Year in review: Favorite books of 2006
I'm a readin' fool, as most anyone who knows me will attest. According to my somewhat obsessive reading list, I read a total of 101 books this year through today (not including graphic novels). Once again I just didn't read a lot of fiction – only 28 of these books were fiction, the rest nonfiction of some sort, heavy on the biography, history and pop culture. (Of the nonfiction, um, 7 of those are books on Bob Dylan, which is really a little depressing when you think about it)
In no particular order or pattern, here's a handful of the books I dug the most. Most were published in hardback or paperback this past year, or close enough to count. It's my rules! Ask me in a week, it might be an entirely different list.
"The River of Doubt: Theodore Roosevelt's Darkest Journey" by Candice Millard - I'm a Teddy Roosevelt nut, eager to swallow up books on the man I consider the last truly epic president, a larger-than-life cowboy, environmentalist, adventurer and politician. This great book looks at TR's final journey, an exploration of the unknown jungles of the Amazon with a small crew of like-minded gutsy travelers. Jungle attacks, disease, death and disaster lurk around every turn. Wonderfully researched and with Millard's vivid writing you can almost taste the malaria (use that on a jacket quote!). Utterly unimaginable to picture our current president doing anything like this, of course, but fantastic true-life derring-do even if you hate politics.
"Vinyl Junkies: Adventures in Record Collecting" by Brett Milano (2003) - Yeah, when it came to piling up all my CDs for the recent trans-global move, I started to worry I was becoming "that guy" – the one whose house is taken over by his insane collection. Needn't have worried. In this blissfully readable homage to obsessive geek-dom, Milano looks at vinyl and music hoarders from around the world, coming up with glorious how-far-will-this-guy-go stories (would you pay $2,000 – twice? – for an obscure 45 single?) and a nice insight into what makes the "High Fidelity" types among us click. As for me, I'm nowhere near as bad as I thought.
"Chuck Klosterman IV: A Decade Of Curious People and Dangerous Ideas," by Chuck Klosterman - I loves me the Chuck K., and this hefty collection of his snarky magazine interviews, critical essays and more from the pages of Spin, Esquire and the like is a great bowl of pop culture stew. Highlights include his surreal interview with a half-naked Britney Spears, a journey to Val Kilmer's New Mexico hideaway, a refreshingly relaxed chat with Jeff Tweedy and a trip to a Morrissey convention filled with Latino Moz fans. If you're the kind of person who spends time thinking about who the best candidate for the fifth (and seventh, and tenth) Beatle would be, give it a whirl. It's all breezy good junk culture fun, a nice follow-up to his previous collection, "Sex, Drugs and Cocoa Puffs." Pair it with "Vinyl Junkies" and geek out.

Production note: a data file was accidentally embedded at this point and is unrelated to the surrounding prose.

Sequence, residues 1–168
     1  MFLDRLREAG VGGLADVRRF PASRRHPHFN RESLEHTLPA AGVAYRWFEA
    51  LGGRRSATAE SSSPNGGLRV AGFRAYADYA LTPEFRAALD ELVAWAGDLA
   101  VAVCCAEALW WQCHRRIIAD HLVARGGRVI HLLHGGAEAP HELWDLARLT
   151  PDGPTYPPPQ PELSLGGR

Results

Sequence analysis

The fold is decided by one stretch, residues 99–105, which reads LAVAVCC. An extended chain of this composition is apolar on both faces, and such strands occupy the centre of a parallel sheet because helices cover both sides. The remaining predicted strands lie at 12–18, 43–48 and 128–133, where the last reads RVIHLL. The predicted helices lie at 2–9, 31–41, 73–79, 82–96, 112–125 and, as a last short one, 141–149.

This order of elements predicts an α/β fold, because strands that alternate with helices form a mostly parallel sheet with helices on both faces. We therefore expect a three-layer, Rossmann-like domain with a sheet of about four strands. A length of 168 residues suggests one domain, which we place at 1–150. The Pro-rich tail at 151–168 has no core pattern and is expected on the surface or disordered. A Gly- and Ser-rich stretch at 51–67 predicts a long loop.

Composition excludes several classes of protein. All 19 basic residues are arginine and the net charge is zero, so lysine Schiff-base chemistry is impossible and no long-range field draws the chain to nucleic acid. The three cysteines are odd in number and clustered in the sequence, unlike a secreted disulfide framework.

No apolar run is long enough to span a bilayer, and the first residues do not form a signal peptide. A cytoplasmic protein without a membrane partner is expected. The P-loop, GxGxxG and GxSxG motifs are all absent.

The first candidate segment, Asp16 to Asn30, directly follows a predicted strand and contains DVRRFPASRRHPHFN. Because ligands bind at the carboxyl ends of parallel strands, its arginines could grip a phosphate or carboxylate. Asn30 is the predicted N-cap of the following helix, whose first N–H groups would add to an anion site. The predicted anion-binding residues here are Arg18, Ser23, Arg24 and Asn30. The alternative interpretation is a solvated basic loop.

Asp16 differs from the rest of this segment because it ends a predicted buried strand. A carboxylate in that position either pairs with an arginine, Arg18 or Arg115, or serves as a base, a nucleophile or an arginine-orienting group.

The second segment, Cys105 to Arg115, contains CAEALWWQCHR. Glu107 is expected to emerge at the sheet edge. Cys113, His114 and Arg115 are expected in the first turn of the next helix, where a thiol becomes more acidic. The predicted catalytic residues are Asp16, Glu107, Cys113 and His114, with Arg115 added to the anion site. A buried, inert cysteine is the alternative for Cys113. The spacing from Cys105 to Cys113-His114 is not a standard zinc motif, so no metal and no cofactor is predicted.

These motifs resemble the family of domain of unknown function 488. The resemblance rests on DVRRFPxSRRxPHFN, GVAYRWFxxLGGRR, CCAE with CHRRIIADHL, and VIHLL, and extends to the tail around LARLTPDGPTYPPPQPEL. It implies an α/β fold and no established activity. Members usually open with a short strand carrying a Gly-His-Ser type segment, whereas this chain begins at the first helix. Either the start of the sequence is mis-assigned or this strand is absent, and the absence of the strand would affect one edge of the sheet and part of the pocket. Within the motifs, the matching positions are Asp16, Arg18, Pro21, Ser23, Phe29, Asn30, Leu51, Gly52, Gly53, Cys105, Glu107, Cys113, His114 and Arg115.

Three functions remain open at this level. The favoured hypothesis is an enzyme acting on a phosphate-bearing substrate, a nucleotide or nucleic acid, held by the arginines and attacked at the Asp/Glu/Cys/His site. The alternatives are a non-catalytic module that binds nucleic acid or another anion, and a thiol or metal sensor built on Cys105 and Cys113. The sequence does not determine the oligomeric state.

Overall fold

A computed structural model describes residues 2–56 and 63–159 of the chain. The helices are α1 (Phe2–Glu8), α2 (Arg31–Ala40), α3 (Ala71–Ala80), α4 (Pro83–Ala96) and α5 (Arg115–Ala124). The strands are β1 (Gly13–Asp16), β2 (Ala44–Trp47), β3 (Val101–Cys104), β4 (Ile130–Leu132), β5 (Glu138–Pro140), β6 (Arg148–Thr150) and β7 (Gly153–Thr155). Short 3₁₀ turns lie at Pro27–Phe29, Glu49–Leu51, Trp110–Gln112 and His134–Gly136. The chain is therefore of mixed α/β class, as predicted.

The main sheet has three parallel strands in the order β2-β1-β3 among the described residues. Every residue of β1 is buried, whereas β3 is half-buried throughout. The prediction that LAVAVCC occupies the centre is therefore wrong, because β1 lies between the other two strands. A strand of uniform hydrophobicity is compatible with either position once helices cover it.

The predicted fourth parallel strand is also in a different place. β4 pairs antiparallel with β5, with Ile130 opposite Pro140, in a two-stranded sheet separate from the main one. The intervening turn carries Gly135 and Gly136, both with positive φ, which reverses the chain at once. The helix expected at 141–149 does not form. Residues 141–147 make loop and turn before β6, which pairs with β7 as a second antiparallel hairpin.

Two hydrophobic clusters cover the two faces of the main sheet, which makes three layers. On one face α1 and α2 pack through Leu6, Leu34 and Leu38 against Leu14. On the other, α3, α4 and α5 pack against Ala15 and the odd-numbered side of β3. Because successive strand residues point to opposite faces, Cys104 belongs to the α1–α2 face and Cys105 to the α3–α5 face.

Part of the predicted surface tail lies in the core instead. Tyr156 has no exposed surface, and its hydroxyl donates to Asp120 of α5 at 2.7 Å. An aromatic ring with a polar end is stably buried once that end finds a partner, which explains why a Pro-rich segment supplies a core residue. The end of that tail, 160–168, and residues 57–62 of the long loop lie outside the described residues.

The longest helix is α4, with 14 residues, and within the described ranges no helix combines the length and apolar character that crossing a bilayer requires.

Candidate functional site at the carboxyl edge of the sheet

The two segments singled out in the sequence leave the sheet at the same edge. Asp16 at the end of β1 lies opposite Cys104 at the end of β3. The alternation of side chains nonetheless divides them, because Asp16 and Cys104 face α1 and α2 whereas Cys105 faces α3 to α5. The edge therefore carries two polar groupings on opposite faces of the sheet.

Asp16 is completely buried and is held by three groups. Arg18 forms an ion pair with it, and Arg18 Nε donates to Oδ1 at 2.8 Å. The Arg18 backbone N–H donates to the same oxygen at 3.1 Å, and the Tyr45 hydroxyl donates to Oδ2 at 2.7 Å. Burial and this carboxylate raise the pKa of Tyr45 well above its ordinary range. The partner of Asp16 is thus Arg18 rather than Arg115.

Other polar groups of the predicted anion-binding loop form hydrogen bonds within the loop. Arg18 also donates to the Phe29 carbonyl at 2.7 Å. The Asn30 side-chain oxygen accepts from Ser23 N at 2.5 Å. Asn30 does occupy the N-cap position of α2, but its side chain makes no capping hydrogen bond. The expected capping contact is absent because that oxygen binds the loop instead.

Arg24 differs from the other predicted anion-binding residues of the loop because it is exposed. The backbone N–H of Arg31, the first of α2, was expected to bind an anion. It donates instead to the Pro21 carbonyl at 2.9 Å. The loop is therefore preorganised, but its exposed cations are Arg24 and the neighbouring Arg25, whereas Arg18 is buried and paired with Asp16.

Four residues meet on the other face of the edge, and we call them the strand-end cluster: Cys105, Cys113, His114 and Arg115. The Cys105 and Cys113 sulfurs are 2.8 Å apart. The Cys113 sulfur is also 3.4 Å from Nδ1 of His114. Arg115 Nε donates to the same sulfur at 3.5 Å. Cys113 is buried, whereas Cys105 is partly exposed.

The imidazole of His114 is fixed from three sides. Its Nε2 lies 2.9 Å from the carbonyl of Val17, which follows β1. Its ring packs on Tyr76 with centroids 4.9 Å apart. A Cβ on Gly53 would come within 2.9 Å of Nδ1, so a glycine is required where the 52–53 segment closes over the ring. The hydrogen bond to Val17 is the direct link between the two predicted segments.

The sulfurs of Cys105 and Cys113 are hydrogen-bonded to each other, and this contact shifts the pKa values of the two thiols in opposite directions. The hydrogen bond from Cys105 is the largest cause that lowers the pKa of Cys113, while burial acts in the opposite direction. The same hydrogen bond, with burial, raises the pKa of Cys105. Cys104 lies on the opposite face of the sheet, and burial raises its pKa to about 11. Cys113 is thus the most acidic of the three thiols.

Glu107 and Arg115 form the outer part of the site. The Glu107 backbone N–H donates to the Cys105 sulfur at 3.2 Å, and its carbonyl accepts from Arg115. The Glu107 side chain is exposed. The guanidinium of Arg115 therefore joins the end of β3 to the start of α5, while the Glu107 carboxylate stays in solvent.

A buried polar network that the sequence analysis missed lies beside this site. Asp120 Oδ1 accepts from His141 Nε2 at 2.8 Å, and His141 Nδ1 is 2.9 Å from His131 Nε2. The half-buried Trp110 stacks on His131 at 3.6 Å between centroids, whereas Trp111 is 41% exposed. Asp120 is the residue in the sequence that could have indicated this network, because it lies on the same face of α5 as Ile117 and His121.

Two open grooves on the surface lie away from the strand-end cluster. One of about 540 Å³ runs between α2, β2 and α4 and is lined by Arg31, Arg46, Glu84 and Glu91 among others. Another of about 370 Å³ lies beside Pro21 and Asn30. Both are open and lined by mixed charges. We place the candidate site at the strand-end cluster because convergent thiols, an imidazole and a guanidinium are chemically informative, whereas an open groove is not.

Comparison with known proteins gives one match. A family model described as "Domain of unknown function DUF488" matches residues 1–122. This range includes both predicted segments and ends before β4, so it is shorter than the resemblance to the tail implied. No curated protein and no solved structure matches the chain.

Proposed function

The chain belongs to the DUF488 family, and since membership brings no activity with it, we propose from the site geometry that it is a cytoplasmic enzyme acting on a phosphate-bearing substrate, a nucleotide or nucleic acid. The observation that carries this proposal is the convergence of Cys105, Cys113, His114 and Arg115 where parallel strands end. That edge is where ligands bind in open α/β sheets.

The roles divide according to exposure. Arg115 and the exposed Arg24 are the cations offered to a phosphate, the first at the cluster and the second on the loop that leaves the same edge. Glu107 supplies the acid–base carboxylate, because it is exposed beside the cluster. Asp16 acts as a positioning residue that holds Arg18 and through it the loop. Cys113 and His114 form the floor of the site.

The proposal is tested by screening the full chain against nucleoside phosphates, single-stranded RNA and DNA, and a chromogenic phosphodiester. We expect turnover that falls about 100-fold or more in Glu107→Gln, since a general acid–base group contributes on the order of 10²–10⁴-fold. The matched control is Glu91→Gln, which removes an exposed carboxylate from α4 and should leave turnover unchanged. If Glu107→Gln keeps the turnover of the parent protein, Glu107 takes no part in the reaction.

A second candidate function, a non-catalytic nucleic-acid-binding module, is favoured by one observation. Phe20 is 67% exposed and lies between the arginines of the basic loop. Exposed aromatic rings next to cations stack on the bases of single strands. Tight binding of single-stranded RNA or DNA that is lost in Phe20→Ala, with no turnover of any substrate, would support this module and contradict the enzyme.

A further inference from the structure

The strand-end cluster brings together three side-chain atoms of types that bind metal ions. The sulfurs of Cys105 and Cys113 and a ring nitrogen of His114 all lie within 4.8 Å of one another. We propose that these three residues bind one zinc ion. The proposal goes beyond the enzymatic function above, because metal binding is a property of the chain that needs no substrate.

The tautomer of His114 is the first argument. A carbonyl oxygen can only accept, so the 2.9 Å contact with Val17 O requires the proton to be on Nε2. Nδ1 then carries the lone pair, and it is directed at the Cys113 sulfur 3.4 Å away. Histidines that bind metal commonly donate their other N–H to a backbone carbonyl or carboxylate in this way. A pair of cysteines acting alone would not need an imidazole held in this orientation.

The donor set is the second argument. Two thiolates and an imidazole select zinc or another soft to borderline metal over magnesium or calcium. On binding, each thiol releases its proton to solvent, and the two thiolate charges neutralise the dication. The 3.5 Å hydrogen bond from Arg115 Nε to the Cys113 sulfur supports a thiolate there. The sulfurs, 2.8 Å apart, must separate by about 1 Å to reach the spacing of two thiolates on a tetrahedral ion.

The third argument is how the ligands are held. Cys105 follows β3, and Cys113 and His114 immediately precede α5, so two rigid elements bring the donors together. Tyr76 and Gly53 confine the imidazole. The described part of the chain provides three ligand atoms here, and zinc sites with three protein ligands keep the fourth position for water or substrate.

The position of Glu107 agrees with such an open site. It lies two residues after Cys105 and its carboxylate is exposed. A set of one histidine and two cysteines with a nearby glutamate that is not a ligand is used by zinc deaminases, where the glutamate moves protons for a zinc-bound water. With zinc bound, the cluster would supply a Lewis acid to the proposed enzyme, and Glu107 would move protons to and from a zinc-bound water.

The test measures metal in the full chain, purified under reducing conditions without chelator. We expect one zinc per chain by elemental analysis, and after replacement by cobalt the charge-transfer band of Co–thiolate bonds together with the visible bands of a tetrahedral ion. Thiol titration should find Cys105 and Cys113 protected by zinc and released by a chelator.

"High Lonesome: Stories 1966-2006," by Joyce Carol Oates - A massive collection of 40 years of short stories by one of the modern masters of the form, diamond-sharp prose about unpredictable horror, lust and despair coming into the lives of everyday people. Oates moves easily from suburban angst to rural tragedy, capable of rendering tales in a down-home first-person candor or with a polished, omniscient sheen. I was new to Oates upon reading this, and now I'm a convert to her sinister power, a cousin to writers like Flannery O'Connor and Patricia Highsmith. (Full review here.)
"Cell" by Stephen King – There are those who say King peaked back in the '80s, but while this isn't exactly "It, Part II," it's a swell little piece of modern-day cyber-paranoia, about a plague that affects all cell phone users and turns them into raving psychotics. Yeah, another end-of-the-world saga, but "Cell" is nice and tense, unsettling and brief enough not to wear out its welcome. And it scared me, which takes a little work even for the best of King to do. (Full review here.)
"American Prometheus: The Triumph and Tragedy of J. Robert Oppenheimer" by Kai Bird and Martin J. Sherwin - This Pulitzer prize winning biography is like watching the American dream - and nightmare - in action. Oppenheimer, of course, brought us the atomic bomb, but went from American hero to near-traitor during the communism scare of the 1950s. Physics and politics don't sound like the most exciting read, but the authors really bring the haughty, brilliant and dreamy Oppenheimer to life, which makes his hubris and fall that much more tragic. Great, spellbinding biography.
"The Sex Lives of Cannibals: Adrift in the Equatorial Pacific" by J. Maarten Troost (2004) - Ever wonder what it'd be like to live on a gorgeous South Pacific island? Not really all that great, according to Troost, who writes a hilarious travelogue of his years on the flyspeck islands of Kiribati, with a wit and sly insight that makes you feel like you've gone yourself. The realities of life on an island barely the size of some strip malls come to life here, as well as the gentle charms of island life. Fine travel writing in the vein of Tim Cahill or Bill Bryson, with a ramshackle charm all its own.